Neural activations are related to body-shape, anxiety, and outcomes in adolescent anorexia nervosa

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Abstract

Anorexia nervosa (AN) is an illness that frequently begins during adolescence and involves weight loss. Two groups of adolescent girls (AN-A, weight-recovered following AN) and (HC-A, healthy comparison) completed a functional magnetic resonance imaging task involving social evaluations, allowing comparison of neural activations during self-evaluations, friend-evaluations, and perspective-taking self-evaluations. Although the two groups were not different in their whole-brain activations, anxiety and body shape concerns were correlated with neural activity in a priori regions of interest. A cluster in medial prefrontal cortex and the dorsal anterior cingulate correlated with the body shape questionnaire; subjects with more body shape concerns used this area less during self than friend evaluations. A cluster in medial prefrontal cortex and the cingulate also correlated with anxiety such that more anxiety was associated with engagement when disagreeing rather than agreeing with social terms during self-evaluations. This data suggests that differences in the utilization of frontal brain regions during social evaluations may contribute to both anxiety and body shape concerns in adolescents with AN. Clinical follow-up was obtained, allowing exploration of whether brain function early in course of disease relates to illness trajectory. The adolescents successful in recovery used the posterior cingulate and precuneus more for friend than self evaluations than the adolescents that remained ill, suggesting that neural differences related to social evaluations may provide clinical predictive value. Utilization of both MPFC and the precuneus during social and self evaluations may be a key biological component for achieving sustained weight-recovery in adolescents with AN.

Original languageEnglish (US)
Pages (from-to)1-7
Number of pages7
JournalJournal of Psychiatric Research
Volume87
DOIs
StatePublished - Apr 1 2017

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Diagnostic Self Evaluation
Anorexia Nervosa
Anxiety
Parietal Lobe
Gyrus Cinguli
Prefrontal Cortex
Brain
Weights and Measures
Evaluation
Activation
Weight Loss
Magnetic Resonance Imaging

Keywords

  • Eating disorders
  • fMRI
  • Identity
  • Self-perception
  • Social cognition

ASJC Scopus subject areas

  • Arts and Humanities (miscellaneous)
  • Psychiatry and Mental health
  • Biological Psychiatry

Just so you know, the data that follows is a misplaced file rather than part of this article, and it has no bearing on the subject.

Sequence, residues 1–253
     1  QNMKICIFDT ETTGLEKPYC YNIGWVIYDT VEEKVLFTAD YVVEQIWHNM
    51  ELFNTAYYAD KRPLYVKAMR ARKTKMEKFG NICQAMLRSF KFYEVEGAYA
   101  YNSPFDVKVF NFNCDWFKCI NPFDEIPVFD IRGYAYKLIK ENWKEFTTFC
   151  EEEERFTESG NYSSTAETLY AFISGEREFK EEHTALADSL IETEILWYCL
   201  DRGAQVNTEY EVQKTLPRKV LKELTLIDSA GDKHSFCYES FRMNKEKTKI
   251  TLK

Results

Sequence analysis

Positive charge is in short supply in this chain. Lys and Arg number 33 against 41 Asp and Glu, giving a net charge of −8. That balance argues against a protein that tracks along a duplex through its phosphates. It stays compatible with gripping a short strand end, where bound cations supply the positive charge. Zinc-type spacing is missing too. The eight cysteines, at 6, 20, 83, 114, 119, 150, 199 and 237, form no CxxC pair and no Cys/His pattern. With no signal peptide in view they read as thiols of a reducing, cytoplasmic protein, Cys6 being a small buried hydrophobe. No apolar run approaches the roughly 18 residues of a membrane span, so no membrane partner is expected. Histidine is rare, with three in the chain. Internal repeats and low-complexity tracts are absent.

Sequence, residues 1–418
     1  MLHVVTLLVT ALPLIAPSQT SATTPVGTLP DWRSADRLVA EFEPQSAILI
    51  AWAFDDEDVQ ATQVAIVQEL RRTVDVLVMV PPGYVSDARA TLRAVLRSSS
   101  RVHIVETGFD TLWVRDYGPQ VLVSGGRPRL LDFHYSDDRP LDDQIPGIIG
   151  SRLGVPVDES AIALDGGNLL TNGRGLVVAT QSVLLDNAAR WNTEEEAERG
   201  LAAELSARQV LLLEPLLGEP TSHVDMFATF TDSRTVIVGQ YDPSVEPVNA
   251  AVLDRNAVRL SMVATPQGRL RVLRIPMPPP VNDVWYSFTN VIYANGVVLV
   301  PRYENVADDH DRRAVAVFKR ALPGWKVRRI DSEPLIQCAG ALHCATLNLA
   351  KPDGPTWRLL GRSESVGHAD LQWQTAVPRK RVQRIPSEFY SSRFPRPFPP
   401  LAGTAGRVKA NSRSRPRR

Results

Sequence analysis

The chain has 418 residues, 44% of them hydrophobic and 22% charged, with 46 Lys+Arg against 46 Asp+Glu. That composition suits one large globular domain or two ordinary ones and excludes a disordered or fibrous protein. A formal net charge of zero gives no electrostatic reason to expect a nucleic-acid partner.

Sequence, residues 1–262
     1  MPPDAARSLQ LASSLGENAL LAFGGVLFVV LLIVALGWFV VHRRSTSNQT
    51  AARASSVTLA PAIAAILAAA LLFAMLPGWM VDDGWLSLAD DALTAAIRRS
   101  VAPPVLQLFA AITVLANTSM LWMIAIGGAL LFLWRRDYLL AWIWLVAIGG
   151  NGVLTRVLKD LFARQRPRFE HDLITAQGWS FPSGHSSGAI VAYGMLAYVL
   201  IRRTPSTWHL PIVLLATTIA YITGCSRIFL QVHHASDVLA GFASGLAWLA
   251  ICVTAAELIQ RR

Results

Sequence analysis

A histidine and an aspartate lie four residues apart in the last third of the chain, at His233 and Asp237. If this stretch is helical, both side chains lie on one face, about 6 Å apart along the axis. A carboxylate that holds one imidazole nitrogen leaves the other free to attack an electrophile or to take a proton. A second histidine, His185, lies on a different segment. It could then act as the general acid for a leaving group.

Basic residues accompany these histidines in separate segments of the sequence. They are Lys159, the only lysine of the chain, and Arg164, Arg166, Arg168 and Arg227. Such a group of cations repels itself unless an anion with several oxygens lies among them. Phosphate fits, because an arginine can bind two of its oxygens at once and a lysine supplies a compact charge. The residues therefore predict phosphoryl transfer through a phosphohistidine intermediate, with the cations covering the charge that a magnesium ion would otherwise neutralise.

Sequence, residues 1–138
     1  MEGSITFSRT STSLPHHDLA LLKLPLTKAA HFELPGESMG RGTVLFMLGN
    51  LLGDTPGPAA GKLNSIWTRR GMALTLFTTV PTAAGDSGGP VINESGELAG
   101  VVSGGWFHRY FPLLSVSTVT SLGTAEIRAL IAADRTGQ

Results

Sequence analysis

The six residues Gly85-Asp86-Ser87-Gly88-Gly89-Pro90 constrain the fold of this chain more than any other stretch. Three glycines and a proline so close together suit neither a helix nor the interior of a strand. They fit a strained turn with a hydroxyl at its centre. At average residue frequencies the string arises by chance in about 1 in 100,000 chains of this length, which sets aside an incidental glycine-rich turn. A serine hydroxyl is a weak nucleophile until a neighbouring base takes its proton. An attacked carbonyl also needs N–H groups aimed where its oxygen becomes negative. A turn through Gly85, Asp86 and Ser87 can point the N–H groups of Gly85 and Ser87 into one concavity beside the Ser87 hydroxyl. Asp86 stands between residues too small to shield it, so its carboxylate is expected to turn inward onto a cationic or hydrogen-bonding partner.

Cite this

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title = "Neural activations are related to body-shape, anxiety, and outcomes in adolescent anorexia nervosa",
abstract = "Anorexia nervosa (AN) is an illness that frequently begins during adolescence and involves weight loss. Two groups of adolescent girls (AN-A, weight-recovered following AN) and (HC-A, healthy comparison) completed a functional magnetic resonance imaging task involving social evaluations, allowing comparison of neural activations during self-evaluations, friend-evaluations, and perspective-taking self-evaluations. Although the two groups were not different in their whole-brain activations, anxiety and body shape concerns were correlated with neural activity in a priori regions of interest. A cluster in medial prefrontal cortex and the dorsal anterior cingulate correlated with the body shape questionnaire; subjects with more body shape concerns used this area less during self than friend evaluations. A cluster in medial prefrontal cortex and the cingulate also correlated with anxiety such that more anxiety was associated with engagement when disagreeing rather than agreeing with social terms during self-evaluations. This data suggests that differences in the utilization of frontal brain regions during social evaluations may contribute to both anxiety and body shape concerns in adolescents with AN. Clinical follow-up was obtained, allowing exploration of whether brain function early in course of disease relates to illness trajectory. The adolescents successful in recovery used the posterior cingulate and precuneus more for friend than self evaluations than the adolescents that remained ill, suggesting that neural differences related to social evaluations may provide clinical predictive value. Utilization of both MPFC and the precuneus during social and self evaluations may be a key biological component for achieving sustained weight-recovery in adolescents with AN.",